I use all the essentials as far as digital tools go, but I always need to gather and iterate in analogue - digging through books and magazines - I stumble on something seemingly random that connects the dots in a super interesting way. If I skip this step, I get a bit claustrophobic - like I’ve made assumptions ahead about how to solve a creative problem. Just touching paper and getting out of the screen gets my senses going in a different way. Printing, cutting out images and materials, sketching, and physically pinning to a cork board. Grouping ideas, moving things around - it triggers thinking in a way I haven’t been able to translate into digital.
A lot of creatives talk about journaling and how important it is - I’ve tried so many times, and it’s just not my thing. I can’t really write unless it’s serving a purpose. I always have a sketchbook though.
I’m always collecting inspiration - traveling is a huge source of discovering new inspiration - going to exhibits and concerts, meeting new people, collecting interesting things and ideas along the way. I have to say, this past year-and-a-half has been really hard in this respect - being on lockdown. I haven’t seen new things (in physical form) in ages, and it’s so fatiguing creatively. My husband and I are driving from Portland, OR to Atlanta in a couple of weeks - we decided to drive rather than fly just so we can see / hear / eat new things along the way and wake up our brains.
Generally, I prefer to work collaboratively. I love having a partner who sees things differently than me - a writer, strategist, coder, etc. I find the whole creative process more interesting when I’m challenged along the way. I love seeing how different brains connect dots in different ways - I’ll see something so clearly, then someone will share another path they see, and it opens up a dozen new ideas.
I’m a bit compulsive, so I can get on a track that’s hard to escape - pushing and pushing until it’s done. Literally getting up and doing something else usually helps - if it’s something outdoors like a hike or a walk, even better. It’s amazing how much a breather can do - I always see things differently when I come back.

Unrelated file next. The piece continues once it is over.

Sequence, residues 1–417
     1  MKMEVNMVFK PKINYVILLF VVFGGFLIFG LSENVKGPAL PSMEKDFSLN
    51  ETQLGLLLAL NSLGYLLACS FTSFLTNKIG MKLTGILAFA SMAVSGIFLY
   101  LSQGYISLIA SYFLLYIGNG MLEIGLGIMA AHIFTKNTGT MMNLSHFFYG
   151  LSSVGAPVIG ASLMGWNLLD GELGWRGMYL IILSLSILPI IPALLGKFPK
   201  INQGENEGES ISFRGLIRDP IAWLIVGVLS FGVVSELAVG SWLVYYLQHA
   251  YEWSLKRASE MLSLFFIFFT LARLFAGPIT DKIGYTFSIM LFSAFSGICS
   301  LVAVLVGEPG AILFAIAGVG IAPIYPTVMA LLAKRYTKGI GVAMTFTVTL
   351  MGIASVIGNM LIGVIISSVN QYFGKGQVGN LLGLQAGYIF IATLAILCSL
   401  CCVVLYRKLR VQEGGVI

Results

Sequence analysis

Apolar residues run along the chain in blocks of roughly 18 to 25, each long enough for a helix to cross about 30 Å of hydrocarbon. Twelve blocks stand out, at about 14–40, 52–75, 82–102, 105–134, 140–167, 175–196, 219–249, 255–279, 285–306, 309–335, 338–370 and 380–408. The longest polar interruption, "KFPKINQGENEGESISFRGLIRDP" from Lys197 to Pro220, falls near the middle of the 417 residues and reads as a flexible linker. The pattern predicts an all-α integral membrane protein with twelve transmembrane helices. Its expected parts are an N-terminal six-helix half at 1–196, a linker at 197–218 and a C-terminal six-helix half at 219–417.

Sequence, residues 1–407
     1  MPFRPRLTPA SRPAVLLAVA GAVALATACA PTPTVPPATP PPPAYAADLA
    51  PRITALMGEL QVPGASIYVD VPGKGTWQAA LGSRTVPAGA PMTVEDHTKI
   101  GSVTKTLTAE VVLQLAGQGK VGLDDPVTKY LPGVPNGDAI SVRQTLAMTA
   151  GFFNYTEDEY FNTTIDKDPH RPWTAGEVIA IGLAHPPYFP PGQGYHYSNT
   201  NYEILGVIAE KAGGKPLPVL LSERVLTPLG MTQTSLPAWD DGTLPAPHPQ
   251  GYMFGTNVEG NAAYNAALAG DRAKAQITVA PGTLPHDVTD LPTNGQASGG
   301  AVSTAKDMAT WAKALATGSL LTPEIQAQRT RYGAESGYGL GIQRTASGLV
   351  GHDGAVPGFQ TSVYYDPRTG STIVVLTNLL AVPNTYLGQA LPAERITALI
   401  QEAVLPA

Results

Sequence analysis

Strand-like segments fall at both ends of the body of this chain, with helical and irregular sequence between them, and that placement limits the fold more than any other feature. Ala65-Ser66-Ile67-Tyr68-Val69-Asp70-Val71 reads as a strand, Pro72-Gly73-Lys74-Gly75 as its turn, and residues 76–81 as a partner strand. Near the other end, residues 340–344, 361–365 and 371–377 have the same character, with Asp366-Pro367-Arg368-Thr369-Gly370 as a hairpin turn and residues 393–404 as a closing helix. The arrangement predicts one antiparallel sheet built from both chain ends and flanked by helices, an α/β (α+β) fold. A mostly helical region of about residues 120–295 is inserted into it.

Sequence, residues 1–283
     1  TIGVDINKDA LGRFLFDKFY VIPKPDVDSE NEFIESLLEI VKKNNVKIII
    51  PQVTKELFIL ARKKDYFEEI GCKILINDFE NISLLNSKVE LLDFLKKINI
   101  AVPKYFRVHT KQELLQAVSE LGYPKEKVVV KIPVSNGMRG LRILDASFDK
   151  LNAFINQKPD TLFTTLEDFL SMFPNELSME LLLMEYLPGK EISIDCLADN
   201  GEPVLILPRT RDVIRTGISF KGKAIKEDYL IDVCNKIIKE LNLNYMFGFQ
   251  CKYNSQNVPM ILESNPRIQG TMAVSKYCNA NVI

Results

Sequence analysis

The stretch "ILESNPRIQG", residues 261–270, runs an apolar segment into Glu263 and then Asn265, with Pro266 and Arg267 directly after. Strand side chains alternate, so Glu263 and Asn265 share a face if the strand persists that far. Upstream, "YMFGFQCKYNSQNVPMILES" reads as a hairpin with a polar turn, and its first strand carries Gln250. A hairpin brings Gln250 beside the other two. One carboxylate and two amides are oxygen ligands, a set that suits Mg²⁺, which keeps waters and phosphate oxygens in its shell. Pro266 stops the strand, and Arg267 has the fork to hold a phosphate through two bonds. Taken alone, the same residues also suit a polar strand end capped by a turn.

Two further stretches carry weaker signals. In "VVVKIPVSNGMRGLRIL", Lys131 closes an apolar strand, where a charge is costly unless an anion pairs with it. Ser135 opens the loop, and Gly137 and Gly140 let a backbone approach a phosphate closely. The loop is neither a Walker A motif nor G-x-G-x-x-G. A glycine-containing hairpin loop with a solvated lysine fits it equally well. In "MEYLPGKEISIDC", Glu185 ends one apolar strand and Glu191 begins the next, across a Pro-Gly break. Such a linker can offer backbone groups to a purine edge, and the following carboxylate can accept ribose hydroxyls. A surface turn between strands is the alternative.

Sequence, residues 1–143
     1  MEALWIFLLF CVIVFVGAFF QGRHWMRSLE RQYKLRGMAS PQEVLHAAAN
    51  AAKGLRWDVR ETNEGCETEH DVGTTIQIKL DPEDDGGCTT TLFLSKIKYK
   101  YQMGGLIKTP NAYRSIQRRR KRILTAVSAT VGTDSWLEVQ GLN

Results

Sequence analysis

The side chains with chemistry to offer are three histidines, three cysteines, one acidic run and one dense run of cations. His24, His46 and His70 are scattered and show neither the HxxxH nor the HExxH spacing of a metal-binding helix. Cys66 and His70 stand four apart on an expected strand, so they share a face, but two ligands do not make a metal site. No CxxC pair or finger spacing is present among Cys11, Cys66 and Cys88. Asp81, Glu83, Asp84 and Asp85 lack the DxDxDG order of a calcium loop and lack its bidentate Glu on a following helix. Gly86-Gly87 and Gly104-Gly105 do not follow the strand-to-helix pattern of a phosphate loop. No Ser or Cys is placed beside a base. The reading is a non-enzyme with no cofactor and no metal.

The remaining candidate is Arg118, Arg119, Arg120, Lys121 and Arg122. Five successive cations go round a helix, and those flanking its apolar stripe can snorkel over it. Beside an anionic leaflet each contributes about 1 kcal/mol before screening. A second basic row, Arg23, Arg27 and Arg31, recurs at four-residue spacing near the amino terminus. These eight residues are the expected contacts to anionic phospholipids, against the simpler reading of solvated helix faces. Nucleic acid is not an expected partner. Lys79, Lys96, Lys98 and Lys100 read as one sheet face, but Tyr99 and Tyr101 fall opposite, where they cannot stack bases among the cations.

Helping people with their process is probably 50% of my job - we have some incredibly talented people on our team, and really conceptual. I’m naturally an editor, so I think I tend to hire super prolific creatives, maybe even wanderers. Our creative teams generate so much incredible thinking and conceptual work, I’m usually coming in to help edit, curate, connect-the-dots. Which by the way are usually there, it’s just helping creatives to see where the fluff is that’s not helping verses patterns that are super rich.
I grew up in LA, and for the first seven years of my life, my mom was a single parent. I tagged along with the adults a lot. But, my mom was an artist - she had studied fashion at Otis. She sowed more seeds than I can count. When we went out to dinner, we essentially did design exercises together - exquisite corpse was a huge one (although we just called it ‘half picture’). My mom had a line of children’s clothing and later designed window displays - she always gave me a job to do, and explained her designs and thinking. We’d go to the fabric district and flea markets on the weekends. And everything was resourceful - we didn’t have YouTube videos to watch. We’d get inspired at LACMA, and then talk about how we could make something ourselves.
I also grew up in condos - there’s something about growing up in a building that forces your brain to expand your environment - I definitely had a sense of a whole world in our unit / complex. And I was always busy in my room from as young as I can remember - I always had a project going that felt very important with some made-up deadline. Making movies on the family camcorder, laying out magazines.
I honed my craft essentially by doing. As a kid, I took every art class available at our community centre. My mom and I took oil painting classes together from high school on, which was actually super fundamental for me as a graphic designer later - I learned so much about composition and light/shadow. In college, again, I took every class imaginable. I studied audio engineering and graphic design - I think mixing media early on helped me see design as more than 2D. And as an adult, I just threw myself in. My first job at an agency, I started as a receptionist and left as an art director. I stepped into Nike as a production artist and left as global concept director. I was never afraid to try new things and learn by doing.
Stress definitely spurs me on - I think I thrive on deadline adrenaline. Clutter kills my soul - I get so much anxiety when my environment is a mess and/or I can’t find things. Staying in the same place/space does the same - I need to move around. Work from home one day, maybe in the backyard. In the office another. I go from the couch to a conference room to a coffee shop.
Find trust however makes you comfortable - feeling aligned, knowing you’re on the same page, you can allow a team to take risks on your behalf. This is the real benefit of working with an agency. We have perspective, and we don’t have the internal pressures and politics. When you trust a creative team, you let them push you out of your comfort zone, and then you know you’re driving real change.
Again, I actually think it’s trust that facilitates creativity - knowing the people who work for you and what makes them thrive as individuals, creatively. Burnout is real for creatives - help employees make space for the things they need to recharge - whether that’s a flexible schedule, budget for inspiration, a new creative challenge. And give them permission to advocate for themselves.